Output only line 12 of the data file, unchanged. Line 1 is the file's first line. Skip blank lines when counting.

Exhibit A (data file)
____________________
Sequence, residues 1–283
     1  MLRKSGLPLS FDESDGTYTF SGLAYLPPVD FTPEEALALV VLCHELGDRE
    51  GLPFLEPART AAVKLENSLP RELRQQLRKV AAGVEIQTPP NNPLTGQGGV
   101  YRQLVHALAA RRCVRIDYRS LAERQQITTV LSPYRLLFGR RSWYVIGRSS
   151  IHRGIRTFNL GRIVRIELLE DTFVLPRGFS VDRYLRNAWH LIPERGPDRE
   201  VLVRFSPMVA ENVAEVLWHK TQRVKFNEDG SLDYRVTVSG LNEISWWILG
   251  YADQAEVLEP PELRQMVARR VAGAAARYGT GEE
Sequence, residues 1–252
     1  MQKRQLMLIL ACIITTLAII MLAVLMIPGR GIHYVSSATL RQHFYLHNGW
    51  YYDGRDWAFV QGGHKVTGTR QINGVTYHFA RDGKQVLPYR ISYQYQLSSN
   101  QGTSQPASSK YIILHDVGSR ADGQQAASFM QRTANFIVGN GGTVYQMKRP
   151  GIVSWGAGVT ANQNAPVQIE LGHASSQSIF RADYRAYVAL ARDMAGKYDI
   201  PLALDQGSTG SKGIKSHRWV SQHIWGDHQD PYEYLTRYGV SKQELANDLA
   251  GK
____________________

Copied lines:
   151  GIVSWGAGVT ANQNAPVQIE LGHASSQSIF RADYRAYVAL ARDMAGKYDI